Saturday, September 8, 2018

Censoring Syria - Videocracy and the Cyberwar for Your Mind

With Russian and Syrian pro-government forces taking action in the Idlib Governate located in the far northwest corner of Syria as shown in red on this map: of America's most powerful companies has seen fit to remove certain Syrian government and news agency websites from YouTube.

Here's what you will now see on the Syrian Arab News Agency (SANA) channel:

Here's what you will now see on the Syrian Ministry of Defense channel:

Here's what you will now see on the SamaTV news channel:

SamaTV is a television station located in Damascus.  If you can understand Arabic, SamaTV's webpage can be accessed here.

Apparently, Google (the proud owner of YouTube) has also shuttered the Syrian President's YouTube channel as well as the Ortas channel (the main broadcaster for both television and radio in Syria better known as the Organization of Syrian Arab Radio and TV).

It isn't clear whether these takedowns were related to Google's recent termination of YouTube channels, blogs on Blogger and Google+ accounts that it claims were linked to Iran.  Here's what Google terminated:

1.) 39 YouTube channels that had a whopping 13,466 total U.S. views on relevant videos.

2.) 6 blogs on Google's Blogger platform.

3.) 13 Google+ accounts.

I find it rather amazing that all of this effort went into censoring 39 YouTube channels that had under 14,000 hits from American users (assuming that none of these hits appeared to be American because viewers were using an American server on their VPN) 

Google claims that their Threat Analysis Group along with partners at Jigsaw and Google's Trust and Safety Team have worked together to identify influence operations launched by foreign governments.  In particularly, they have noted an "influence campaign from Iran" as stated here:

"To complement the work of our internal teams, we engage FireEye, a leading cybersecurity group, and other top security consultants, to provide us with intelligence. For the last two months, Google and Jigsaw have worked closely with FireEye on the influence operation linked to Iran that FireEye identified this week. We’re grateful to FireEye for identifying some suspicious Google accounts (three email accounts, three YouTube channels, and three Google+ accounts), which we swiftly disabled. FireEye’s full report has just been published today. It’s worth reading.

In addition to the intelligence we received from FireEye, our teams have investigated a broader range of suspicious actors linked to Iran who have engaged in this effort. We’ve updated U.S. lawmakers and law enforcement about the results of our investigation, including its relation to political content in the United States. We wanted to provide a summary of what we told them.

Our technical research has identified evidence that these actors are associated with the IRIB, the Islamic Republic of Iran Broadcasting.

We can’t go into all the technical details without giving away information that would be helpful to others seeking to abuse our platforms, but we have observed the following:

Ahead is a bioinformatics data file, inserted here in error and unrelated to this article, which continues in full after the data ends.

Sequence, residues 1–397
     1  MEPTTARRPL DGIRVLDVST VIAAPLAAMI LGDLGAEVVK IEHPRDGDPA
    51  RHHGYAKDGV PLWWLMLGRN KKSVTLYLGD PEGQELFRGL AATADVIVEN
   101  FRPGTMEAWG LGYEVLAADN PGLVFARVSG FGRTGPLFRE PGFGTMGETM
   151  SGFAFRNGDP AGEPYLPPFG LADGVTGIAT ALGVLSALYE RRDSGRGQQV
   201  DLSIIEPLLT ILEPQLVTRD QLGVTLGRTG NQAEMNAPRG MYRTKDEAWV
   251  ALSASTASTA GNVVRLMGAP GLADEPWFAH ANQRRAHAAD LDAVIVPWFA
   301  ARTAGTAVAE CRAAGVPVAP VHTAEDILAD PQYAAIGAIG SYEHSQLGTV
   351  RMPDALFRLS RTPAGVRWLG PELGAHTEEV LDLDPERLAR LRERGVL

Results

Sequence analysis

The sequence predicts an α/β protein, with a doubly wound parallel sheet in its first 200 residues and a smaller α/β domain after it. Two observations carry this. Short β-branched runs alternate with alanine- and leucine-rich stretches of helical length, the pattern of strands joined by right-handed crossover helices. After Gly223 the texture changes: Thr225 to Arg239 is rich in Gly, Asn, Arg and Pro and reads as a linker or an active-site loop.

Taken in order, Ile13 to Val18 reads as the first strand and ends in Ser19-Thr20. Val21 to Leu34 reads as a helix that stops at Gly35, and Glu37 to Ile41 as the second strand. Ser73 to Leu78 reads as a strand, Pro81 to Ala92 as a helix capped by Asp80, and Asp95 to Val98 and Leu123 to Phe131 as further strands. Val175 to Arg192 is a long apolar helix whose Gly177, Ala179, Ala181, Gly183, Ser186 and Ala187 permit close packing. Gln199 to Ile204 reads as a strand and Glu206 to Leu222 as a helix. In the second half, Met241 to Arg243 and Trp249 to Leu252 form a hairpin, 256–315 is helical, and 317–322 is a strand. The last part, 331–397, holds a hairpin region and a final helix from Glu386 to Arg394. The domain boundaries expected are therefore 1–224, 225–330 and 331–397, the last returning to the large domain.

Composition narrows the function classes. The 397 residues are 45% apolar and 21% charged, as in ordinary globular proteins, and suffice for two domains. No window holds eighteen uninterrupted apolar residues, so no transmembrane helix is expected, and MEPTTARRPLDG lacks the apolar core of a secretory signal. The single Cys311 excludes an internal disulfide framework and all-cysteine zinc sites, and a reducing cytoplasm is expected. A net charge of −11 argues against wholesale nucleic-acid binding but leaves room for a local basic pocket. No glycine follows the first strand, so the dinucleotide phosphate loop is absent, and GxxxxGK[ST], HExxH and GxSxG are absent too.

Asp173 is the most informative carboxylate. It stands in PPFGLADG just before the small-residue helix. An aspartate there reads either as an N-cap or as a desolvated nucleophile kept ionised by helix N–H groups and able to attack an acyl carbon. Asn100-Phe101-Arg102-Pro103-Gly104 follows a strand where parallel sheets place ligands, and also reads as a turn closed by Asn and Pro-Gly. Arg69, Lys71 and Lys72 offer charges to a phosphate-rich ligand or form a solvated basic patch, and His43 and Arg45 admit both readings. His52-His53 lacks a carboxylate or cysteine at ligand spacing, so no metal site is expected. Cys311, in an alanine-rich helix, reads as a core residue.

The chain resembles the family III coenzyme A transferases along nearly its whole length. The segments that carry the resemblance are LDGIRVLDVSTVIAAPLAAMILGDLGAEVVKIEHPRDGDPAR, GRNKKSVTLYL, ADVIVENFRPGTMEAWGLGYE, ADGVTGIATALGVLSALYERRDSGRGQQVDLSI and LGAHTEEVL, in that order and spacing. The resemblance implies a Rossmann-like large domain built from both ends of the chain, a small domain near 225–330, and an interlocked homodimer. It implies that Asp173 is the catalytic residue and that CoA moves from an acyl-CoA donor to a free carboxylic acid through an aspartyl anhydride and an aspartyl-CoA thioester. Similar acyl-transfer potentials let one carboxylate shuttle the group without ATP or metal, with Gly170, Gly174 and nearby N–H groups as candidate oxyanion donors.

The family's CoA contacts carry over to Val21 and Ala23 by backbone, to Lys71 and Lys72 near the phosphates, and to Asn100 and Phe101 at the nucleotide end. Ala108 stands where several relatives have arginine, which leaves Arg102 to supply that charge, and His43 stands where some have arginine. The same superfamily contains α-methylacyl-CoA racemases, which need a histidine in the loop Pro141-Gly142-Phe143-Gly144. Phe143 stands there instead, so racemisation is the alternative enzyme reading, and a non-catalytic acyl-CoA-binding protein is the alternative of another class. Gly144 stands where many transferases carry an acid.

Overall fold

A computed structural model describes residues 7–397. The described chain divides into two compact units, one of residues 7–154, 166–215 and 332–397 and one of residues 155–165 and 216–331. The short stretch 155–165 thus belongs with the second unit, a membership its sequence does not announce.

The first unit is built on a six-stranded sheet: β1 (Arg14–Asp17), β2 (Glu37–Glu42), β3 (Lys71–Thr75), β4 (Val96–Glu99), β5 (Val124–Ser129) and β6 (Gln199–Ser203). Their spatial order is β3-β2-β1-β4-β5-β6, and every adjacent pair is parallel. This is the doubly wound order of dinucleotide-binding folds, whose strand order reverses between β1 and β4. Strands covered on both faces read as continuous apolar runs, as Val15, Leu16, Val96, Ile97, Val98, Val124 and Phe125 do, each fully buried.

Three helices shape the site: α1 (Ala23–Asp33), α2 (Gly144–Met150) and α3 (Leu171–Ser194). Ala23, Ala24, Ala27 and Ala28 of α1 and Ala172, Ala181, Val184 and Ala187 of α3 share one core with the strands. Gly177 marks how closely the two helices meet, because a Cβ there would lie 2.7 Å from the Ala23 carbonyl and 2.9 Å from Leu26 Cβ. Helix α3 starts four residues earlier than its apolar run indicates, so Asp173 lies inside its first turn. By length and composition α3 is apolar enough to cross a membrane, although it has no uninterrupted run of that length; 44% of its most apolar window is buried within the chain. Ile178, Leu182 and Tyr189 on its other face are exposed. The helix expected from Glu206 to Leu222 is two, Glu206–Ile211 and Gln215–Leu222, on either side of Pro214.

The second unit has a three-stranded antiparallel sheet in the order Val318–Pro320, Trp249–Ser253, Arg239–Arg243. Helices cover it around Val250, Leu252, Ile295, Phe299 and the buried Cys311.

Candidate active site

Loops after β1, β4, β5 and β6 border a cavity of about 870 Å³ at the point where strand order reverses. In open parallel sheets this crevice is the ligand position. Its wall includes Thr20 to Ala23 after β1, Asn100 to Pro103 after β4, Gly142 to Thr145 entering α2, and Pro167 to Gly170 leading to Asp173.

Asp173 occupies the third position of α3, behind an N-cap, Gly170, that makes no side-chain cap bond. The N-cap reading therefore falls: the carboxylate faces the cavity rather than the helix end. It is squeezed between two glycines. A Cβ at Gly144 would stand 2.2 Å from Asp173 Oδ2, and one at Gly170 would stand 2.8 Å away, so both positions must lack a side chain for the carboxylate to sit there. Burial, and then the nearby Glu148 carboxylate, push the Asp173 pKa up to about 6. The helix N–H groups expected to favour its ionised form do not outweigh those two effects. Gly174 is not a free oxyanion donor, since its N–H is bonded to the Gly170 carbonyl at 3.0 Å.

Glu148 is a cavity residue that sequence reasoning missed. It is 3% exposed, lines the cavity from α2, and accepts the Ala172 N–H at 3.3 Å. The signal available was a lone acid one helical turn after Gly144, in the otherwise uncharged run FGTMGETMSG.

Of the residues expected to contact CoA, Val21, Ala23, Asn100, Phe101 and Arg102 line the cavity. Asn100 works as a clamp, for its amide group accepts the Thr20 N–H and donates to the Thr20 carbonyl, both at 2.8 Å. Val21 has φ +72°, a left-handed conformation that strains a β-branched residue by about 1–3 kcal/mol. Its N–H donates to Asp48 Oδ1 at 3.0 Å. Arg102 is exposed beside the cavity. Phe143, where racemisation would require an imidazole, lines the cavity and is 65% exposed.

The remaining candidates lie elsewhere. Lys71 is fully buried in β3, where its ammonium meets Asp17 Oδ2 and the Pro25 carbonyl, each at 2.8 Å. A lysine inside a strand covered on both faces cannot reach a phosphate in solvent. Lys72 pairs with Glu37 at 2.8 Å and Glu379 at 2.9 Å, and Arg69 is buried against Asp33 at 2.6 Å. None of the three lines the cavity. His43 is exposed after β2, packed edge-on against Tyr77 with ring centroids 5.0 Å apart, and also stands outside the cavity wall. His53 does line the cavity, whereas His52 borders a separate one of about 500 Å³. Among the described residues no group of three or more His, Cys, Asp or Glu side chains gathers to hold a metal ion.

1.) Technical data associated with these actors is strongly linked to the official IRIB IP address space.

2.) Domain ownership information about these actors is strongly linked to IRIB account information.

3.) Account metadata and subscriber information associated with these actors is strongly linked to the corresponding information associated with the IRIB, indicating common ownership and control.

These facts, taken together with other technical signals and analysis, indicate that this effort was carried out as part of the overall operations of the IRIB organization, since at least January 2017. This finding is consistent with internet activity we’ve warned about in recent years from Iran....

Actors engaged in this type of influence operation violate our policies, and we swiftly remove such content from our services and terminate these actors’ accounts. Additionally, we use a number of robust methods, including IP blocking, to prevent individuals or entities in Iran from opening advertising accounts."

Apparently, censorship under the guise of protecting gullible social media users has become a regular feature of the post-truth Information Age.  What is extremely concerning about these developments is that we have no choice but to accept the word of Google, Facebook, Twitter, Apple and other major companies with a social platform bent that are concerned that their users see only one side of Washington's narrative about Russia, Iran, North Korea, Syria and God knows who else.  The fact that these major players in cyberspace are headquartered in the United States should give us cause to ponder the neutrality of their banning and removal operations.  After all, history has shown that conquering forces almost always try to control the media as a key part of taking over a nation.    The recent developments at Google's YouTube show us that we are now living in a videocracy and that, yes, there is a cyberwar on for your mind.  The truth is out there; now you just have to work harder to find it.

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